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In Spain, without going any further, “the author’s exploitation rights expire 70 years after his death,” says Manzanares. Therefore, Winnie the Pooh would not enter the Spanish public domain until 2037 (Alan Alexander Milne died in 1956). Bambi, meanwhile, would do so in 2026 (its creator, Felix Salten, died in 1945).

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legal protection

To prevent the passage of time from threatening its gold businesses, Disney protects its well-known characters on three legal fronts, explains David Gómez, managing partner of Baylos. In the first place, with the copyright, inherent to any original creation. Secondly, with trademarks, which protect both the name and the drawing. And, thirdly, with designs, which touches the field of industrial property. The common thing is that the producers “use the three ways of protection for the same cartoon, since each one offers some advantages”, explains the lawyer.

The registration of a trademark on a drawing and its name is usually the most common option for producers. Unlike copyright, a trademark can last forever if you pay for continual renewals. This way allows to keep “the exclusivity to use and exploit the drawing without anyone else being able to do it”, remarks Gómez. It is a perfect formula, for example, to guarantee control over a range of products and toys. In Spain, without going any further, Disney has registered Winnie the Pooh as its own brand.

These legal tools, however, cannot lead to “new monopolies on works that have fallen into the public domain,” warns Violeta Arnaiz. Industries can protect specific parts of the business, for example, the Winnie soft toys that Disney sells. But the golden rule is that, if a character passes into the public domain, the freedom of dissemination and creation must be respected over the original elements. In other words, the community should be able to enjoy the original creator’s input freely and for free.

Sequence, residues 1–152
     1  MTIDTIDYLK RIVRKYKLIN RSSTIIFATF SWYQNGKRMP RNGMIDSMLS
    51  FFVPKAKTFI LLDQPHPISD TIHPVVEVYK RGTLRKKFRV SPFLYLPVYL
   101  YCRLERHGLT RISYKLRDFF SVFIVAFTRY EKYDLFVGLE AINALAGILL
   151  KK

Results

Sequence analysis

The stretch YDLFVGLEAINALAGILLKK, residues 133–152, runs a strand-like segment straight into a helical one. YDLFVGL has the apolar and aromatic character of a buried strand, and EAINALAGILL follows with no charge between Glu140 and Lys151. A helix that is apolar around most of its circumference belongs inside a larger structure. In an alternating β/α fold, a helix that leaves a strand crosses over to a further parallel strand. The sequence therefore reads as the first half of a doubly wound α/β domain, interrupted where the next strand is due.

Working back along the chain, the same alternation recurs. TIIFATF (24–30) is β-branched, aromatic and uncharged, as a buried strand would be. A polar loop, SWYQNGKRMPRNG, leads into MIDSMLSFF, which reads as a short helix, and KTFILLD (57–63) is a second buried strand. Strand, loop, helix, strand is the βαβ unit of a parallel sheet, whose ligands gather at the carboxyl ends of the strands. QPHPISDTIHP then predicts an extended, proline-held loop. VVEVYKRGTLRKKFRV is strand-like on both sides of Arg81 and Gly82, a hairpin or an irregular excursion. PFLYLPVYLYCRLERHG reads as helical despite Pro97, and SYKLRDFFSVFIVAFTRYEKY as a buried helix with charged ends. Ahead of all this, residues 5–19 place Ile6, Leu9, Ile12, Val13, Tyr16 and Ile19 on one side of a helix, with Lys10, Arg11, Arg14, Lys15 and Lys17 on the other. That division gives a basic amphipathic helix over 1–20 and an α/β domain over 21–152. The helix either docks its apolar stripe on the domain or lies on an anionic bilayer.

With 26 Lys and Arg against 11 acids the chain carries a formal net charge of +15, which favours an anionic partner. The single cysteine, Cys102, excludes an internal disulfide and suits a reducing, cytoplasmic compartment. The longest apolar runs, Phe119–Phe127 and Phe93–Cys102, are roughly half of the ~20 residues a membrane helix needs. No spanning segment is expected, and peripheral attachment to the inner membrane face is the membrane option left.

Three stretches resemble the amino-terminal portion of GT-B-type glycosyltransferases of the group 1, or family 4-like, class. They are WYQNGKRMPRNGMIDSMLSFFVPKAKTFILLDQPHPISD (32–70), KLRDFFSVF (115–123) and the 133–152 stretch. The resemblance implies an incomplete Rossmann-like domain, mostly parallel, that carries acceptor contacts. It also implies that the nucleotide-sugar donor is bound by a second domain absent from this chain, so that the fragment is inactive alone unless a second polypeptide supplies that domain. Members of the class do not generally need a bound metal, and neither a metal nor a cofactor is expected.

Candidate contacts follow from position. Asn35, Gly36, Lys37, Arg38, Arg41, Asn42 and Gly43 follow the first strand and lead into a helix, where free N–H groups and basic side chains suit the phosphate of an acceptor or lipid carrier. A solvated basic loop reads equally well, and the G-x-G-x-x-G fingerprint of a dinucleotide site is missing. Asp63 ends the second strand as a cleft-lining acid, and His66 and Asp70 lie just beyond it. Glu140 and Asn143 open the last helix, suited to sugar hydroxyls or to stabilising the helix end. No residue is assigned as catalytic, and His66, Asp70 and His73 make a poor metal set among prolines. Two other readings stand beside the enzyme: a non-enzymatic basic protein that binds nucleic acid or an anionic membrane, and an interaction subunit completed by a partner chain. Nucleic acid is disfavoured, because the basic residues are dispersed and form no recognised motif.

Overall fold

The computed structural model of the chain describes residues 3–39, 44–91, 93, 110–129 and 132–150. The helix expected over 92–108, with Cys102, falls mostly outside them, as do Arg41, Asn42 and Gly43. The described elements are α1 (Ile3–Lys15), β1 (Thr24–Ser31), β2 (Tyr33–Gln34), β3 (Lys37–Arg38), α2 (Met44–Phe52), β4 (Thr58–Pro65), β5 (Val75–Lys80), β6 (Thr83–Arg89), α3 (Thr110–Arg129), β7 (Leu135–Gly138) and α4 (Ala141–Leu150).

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Arnaiz sees it as “a deal”, where “the State rewards the author for his effort and creative talent by recognizing exclusive rights that allow him to monetize and control the work”, and in return, “the author allows, after the established time, society benefits from the work, and it can serve as a stimulus and starting point for new creators”.

The case of Bambi

Bambi will enter the public domain in Spain in 2026. This means that anyone can create their own version of the fawn’s story and market it freely. These derivative works, however, may not take elements that have been subsequently created by Disney. The drawing of Bambi, as we knew it in the 1942 film, would therefore be restricted. Rodrigo Manzanares, a lawyer for ABG IP, explains that a third party will not be able to sell toys similar to those that Disney sells. As much as the character passes into the public domain, it is not possible to create confusion in the consumer, since “it is not admissible that a company parasites the activity of another without further ado”.


elpais.com

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George Holan

George Holan is chief editor at Plainsmen Post and has articles published in many notable publications in the last decade.